Tuesday, 25 November 2008

A New Order: Sign(s) of the Times

Since moving to Glasgow, and reading a hilarious book entitled "Happy Aua" by Bastian Sick (author of Der Dativ ist dem Genitiv sein Tod) I've begun collecting whimsical signs. Some contain errors in spelling or grammar, others attempt a foreign language with little or humourous success, and still others are simply baffling unless you understand the cultural context.

Germans are famous for their rules, their organisation, and their bureacracy. As I've touched on before, few things work here without paperwork. Upon arrival, you have to register your address at the Registration of Address Office (Einwohnermeldeamt), and if you are not German you have to register yourself in the Foreign Residents Office (Ausländerbehörde, translated by LEO as "aliens department"). In order to get a student public transport ticket, you have to fill out a form, bring a photo, and get a stamp from your university (all before you can hand it over to the MVV office). For all of these things you need a passport, and a rental agreement, along with proof of your student status. It seems like a lot, and it is. And of course, it all has to be done upon arrival (or within 2 weeks). And If you are a student on exchange, you have the added bonus of matriculation (waiting time 3 hours minimum which is short compared to non-exchange wait times) , registration for health insurance, and of course the running around to pay fees to offices that are open 2 hours a day, collect the receipt and go to another office that has a three hour window for you to collect your ID, which you need for practically everything (including lunch, because to get a dining card you have to show your student card!).If your German is bad, the civil servant (or university authority) in question may have pity on you, then again this is Munich (they probably won’t). It's your job (foreign or not) to know that KVR, Kreisverwaltungsreferat, and Einwohnermeldeamt are all the same place. It's your job to know that the office hours are inconvenient (Monday-Thu. 8-12; Tues. 14-18:30; Fri. 7:00-12:00) because no matter when you go, it's almost worth it to camp out the night before in order to not have to wait more than three hours. It's your job to know which documents are needed and when. And of course it's your job to know and pay the administrative fee they will charge for something as silly as a stamp, or a slip of paper.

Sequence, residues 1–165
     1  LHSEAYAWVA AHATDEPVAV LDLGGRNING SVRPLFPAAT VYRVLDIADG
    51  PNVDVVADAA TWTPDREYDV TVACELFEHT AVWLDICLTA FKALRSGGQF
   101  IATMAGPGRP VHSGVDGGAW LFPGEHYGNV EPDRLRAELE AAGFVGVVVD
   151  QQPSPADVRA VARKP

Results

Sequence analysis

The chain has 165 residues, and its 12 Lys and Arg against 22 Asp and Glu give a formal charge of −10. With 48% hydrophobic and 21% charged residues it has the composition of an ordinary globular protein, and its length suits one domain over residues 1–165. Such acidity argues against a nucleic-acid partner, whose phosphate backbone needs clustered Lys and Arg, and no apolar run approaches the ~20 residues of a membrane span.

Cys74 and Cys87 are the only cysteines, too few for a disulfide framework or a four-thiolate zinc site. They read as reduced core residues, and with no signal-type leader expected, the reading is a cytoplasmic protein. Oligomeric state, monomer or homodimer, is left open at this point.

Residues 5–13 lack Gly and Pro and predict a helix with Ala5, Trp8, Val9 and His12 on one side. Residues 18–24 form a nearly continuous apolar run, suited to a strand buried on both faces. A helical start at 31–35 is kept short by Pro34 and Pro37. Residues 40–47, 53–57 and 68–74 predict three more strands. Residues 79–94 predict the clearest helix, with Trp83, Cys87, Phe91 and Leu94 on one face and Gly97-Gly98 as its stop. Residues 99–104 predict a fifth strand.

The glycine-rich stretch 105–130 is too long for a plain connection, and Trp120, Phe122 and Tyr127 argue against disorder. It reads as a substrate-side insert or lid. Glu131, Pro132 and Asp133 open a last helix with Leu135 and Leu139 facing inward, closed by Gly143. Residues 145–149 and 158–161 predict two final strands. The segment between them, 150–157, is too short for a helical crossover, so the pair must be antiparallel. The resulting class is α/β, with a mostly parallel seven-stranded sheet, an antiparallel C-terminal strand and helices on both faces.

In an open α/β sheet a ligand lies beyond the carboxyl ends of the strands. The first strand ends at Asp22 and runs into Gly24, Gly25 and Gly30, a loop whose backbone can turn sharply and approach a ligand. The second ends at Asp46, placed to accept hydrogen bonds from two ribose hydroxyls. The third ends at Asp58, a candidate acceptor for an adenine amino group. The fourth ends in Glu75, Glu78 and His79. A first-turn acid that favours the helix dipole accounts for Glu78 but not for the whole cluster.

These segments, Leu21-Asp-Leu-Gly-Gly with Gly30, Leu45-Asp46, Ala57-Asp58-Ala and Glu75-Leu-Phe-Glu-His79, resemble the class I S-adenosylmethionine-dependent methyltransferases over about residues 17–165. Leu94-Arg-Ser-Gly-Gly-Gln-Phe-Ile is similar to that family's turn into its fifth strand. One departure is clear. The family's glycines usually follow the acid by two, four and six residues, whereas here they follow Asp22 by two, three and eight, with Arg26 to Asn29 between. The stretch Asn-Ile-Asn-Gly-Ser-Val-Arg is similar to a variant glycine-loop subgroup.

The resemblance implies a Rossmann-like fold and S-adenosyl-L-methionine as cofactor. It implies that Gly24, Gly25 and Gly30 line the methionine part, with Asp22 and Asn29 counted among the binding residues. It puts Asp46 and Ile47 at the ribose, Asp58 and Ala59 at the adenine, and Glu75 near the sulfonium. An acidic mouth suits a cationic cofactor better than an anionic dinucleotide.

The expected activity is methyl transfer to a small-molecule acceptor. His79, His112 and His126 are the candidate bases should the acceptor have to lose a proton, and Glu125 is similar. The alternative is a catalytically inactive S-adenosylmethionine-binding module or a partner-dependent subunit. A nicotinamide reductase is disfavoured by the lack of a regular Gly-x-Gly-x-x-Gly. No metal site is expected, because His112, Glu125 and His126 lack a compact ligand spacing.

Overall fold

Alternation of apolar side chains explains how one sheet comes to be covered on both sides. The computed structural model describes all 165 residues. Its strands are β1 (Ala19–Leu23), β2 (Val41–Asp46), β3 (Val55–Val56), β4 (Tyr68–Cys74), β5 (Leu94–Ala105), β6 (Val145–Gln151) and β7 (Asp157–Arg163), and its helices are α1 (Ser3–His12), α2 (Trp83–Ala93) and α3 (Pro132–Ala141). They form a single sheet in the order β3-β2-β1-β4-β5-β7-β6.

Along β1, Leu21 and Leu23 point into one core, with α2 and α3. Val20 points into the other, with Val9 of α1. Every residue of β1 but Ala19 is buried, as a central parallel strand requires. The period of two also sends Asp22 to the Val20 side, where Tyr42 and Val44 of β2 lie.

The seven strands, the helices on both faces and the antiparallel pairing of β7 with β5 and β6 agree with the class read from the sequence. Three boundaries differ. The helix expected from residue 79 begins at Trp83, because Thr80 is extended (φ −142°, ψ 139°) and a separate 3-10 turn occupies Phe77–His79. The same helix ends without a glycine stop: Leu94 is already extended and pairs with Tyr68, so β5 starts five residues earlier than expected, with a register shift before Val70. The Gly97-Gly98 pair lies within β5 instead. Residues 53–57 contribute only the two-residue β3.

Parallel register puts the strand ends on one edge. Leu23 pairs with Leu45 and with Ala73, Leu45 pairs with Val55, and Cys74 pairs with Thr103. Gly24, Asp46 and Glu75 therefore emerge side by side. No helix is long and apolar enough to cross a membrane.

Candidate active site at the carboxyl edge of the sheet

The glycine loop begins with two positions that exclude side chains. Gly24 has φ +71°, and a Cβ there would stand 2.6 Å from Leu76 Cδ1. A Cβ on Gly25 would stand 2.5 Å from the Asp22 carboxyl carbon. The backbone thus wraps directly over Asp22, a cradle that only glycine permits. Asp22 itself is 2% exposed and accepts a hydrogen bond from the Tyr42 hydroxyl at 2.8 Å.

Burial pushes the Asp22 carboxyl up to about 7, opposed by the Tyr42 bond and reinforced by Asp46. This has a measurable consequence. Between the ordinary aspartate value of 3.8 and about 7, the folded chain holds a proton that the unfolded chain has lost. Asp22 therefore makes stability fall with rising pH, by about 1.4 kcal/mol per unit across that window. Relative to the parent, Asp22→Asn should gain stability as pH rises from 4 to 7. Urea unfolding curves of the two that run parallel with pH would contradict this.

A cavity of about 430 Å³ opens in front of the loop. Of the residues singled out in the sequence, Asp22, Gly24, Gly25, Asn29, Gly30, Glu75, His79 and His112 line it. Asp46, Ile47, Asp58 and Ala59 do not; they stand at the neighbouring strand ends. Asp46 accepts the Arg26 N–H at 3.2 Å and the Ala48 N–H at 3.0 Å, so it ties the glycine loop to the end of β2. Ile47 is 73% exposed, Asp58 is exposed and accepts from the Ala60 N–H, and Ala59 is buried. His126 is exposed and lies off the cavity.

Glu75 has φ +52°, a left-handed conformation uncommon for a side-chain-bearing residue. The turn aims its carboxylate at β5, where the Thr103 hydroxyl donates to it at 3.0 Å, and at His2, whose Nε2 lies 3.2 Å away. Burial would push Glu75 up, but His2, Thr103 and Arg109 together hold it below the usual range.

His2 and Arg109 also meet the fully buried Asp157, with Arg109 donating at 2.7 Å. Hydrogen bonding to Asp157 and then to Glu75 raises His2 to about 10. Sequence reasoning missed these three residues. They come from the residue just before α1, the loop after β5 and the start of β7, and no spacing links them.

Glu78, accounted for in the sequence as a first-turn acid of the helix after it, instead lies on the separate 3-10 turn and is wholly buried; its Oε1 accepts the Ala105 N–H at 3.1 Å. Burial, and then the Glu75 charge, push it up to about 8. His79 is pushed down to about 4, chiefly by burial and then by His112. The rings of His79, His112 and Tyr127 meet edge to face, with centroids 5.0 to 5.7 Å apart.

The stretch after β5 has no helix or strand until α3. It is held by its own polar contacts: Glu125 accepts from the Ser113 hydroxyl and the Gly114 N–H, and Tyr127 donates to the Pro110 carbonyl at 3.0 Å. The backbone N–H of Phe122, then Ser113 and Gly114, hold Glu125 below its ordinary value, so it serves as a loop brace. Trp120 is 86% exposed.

As if this wasn't enough the German language also has to be efficient. Long words are shortened to logical abbreviations… you just have no clue what they actually mean if you aren’t German. The University says your lecture is at 18:00 c.t. Zi. 509 Rgb. You are a foreigner. What do you do? Well, c.t. stands for "cum tempore" and means the lecture begins not at 18:00 but rather at 18:15. "Zi"is the abbreviation for Zimmer or Room and Rgb. is "Rückgebaude"or Rear Building. It would perhaps be easier if the University was the only one who did this, but everyone who has a name long enough does (I have yet to be called by my initials thankfully!). I've been here for two months and I had to look up what MVV (public transport) stood for (Münchner Verkehrs- und Tarifverbund, for those of you who are curious).

So how does one in fact learn all of this? Two words: Orientation Course. We spent a week and a half learning about all of these things that were taught because they were deemed as crucial to surviving the first weeks. I topics to the effect of "everyday life in Germany", but ended up with "How to write an e-mail to your Advisor of Studies and/or Professor", "How to sign away all of your rights", along with "Twenty things you have to do in German before you can speak German." OK, so you think I'm exaggerating, and to a certain extent I am. Those course topics (with the exception of the first) were faux. The truth is however that Germany, and Munich in particular has some crazy rules. And now you as how this relates to signage? Well, if you take a look at the pictures you'll see what I mean. And for those of you who don't understand German the one sign in German (From the MVV) says: "Dogs: 1 Dog Free. For every further dog, a child's ticket must be purchased." And don't think they won't control it. I've been ticket controlled twice since I arrived here, and it's kind of embarrassing to be fined in front of everyone because your dog was riding without a ticket. Don't you think?

1 comment:

Russell said...

I guess there is no German word for carbonation?

And in light of your troubles. I must say.. God bless America..